3.3

R&D Outsourcing: A Growing Trend

During the last decade, the globalization phenomenon has slowly, but steadily, come to dominate the business processes and strategies of companies around the globe. In addition to resulting in the spread of technology and trade, Globalization has also resulted in the globalization of technology. As examined in Globalization and Technology, this process proceeds in three stages ([35]): 1. International exploitation of domestically produced goods. 2. Global innovation generation focusing on innovations generated under a single proprietor across the globe. 3. Collaborations - where both the proprietor/domestic company and the foreign company collaborate on the production and marketing of innovations. The traditional focus of outsourcing has been, at most, on a slight variation of the rst factor (promotion of the home companys business in a foreign country)with outsourcing helping to increase the companies prots and promote business, both abroad and at home. This trend, though, is slowly changing. An increasing number of companies are opting to shift their R&D centers to oshore locations both as a result of new collaborations and in order to capitalize on the abundant, skilled, and cheap human capital in developing countries. Some of the possible reasons for this include ([35]):

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Figure 3: R&D Quadrants The pressure to innovate and master multiple technologies applies to rms of all sizes. Faced with the option of supporting skilled but scarce and costly researchers at home or cheap, abundant, and skilled researchers abroad, rms, especially those in the medium- and small-size segments, are increasingly opting for oshore centers of development. Oshore centers, being cheaper, oer the rms an opportunity to have access to capabilities they might not be able to normally aord or even have a higher-than-industry-average R&D budget with greater results. Firms also decide on oshore relocation of their R&D facilities on purely strategic rationale to tap into or establish a presence in emerging markets. In other words, to have a proximity to fast-growing and future markets. The advantages, especially in countries from the Far East and South Asia, of being able to implement follow-the-sun schedules of work which greatly enhance productivity. As Figure 3 illustrates, most outsourcing in the R&D sector is mainly in the elds of background competencies of the companys skill set (for example, PCB manufacture in the computer hardware industry), which represent areas where rms can benet from changes in the supply chain. This is followed by alliances in sectors of marginal and niche competencies, which indicate the areas identied as growth areas of the future and those in which the company has, at present, low expertise. Thus, there is ample scope for the growth of R&D outsourcing especially given that most R&D is characterized by proximity to target markets and that the developing countries form the target markets of the future. Outsourcing is thus a phenomenon that is here to stay, and falling back on protectionist measures is a surere way of losing competitiveness in the global market. In order to compete with the slew of measures discussed in the preceding section, the government should concentrate on developing an eective knowledge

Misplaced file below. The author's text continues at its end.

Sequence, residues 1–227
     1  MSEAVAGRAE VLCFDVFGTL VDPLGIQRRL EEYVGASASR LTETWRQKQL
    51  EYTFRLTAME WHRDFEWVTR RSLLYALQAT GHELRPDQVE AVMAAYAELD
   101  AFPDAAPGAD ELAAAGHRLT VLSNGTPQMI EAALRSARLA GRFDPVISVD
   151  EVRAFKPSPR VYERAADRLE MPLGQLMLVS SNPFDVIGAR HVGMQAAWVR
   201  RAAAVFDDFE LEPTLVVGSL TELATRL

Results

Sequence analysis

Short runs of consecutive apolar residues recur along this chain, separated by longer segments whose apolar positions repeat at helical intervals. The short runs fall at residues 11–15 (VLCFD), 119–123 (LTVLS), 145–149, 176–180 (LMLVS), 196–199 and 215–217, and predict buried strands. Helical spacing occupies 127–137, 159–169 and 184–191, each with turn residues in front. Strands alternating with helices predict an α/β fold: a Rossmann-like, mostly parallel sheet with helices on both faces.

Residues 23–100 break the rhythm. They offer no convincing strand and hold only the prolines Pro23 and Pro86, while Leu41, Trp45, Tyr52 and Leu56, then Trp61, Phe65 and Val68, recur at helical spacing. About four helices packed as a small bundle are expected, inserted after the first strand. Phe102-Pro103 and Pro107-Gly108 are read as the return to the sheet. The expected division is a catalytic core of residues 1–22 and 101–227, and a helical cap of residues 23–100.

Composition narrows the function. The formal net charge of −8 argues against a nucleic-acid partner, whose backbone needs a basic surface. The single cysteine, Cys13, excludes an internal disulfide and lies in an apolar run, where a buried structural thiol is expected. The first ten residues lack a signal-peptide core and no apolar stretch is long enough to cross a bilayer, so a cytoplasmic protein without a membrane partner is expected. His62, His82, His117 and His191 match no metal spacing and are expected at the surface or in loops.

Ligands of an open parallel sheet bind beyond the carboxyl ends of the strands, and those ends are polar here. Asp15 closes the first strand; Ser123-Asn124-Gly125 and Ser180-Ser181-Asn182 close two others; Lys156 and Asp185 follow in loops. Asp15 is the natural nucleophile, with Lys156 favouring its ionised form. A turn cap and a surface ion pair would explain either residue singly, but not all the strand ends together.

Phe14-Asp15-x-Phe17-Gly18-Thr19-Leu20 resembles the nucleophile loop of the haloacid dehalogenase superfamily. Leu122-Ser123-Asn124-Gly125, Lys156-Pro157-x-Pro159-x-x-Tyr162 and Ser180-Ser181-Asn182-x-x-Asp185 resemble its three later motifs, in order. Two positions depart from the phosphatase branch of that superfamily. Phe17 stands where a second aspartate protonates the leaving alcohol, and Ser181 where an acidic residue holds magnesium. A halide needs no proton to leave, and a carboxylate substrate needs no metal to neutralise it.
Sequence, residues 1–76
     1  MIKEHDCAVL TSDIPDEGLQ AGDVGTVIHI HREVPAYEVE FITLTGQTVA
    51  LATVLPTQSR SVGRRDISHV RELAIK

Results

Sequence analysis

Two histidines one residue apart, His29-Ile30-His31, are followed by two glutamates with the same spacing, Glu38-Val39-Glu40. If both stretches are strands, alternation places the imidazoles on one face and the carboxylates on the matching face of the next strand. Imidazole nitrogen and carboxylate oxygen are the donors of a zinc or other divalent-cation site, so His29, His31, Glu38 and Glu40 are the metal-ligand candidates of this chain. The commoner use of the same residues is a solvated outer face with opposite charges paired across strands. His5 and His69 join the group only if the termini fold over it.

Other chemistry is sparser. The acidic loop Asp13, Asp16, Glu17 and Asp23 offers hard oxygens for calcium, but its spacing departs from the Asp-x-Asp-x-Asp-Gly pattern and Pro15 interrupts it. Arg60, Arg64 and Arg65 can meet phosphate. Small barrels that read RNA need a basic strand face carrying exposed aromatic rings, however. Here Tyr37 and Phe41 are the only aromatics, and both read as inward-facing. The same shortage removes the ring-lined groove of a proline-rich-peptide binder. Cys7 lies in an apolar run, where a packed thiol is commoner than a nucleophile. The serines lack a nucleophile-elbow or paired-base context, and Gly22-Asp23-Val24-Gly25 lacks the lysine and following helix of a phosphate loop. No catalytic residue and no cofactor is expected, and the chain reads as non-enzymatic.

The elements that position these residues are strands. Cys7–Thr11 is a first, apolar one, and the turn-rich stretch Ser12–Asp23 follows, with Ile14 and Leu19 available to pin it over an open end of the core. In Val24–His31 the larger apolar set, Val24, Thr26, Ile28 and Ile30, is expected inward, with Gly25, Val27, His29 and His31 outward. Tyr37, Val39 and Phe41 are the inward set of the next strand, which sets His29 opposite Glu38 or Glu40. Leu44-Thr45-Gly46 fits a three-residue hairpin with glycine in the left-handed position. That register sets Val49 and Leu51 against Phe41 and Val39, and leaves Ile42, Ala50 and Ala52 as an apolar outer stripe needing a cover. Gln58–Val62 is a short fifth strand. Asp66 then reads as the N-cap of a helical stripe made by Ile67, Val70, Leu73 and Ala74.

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infrastructure to meet industrys demands and provide cost-eective alternatives to outsourcing . This kind of non-interventionist policy will not only galvanize domestic industry without resorting to the crutches of protectionism but also ensure the training and creation of a pool of skilled human capital to take advantage of further advances in the industry and technology, thus assuring a near-permanent advantage.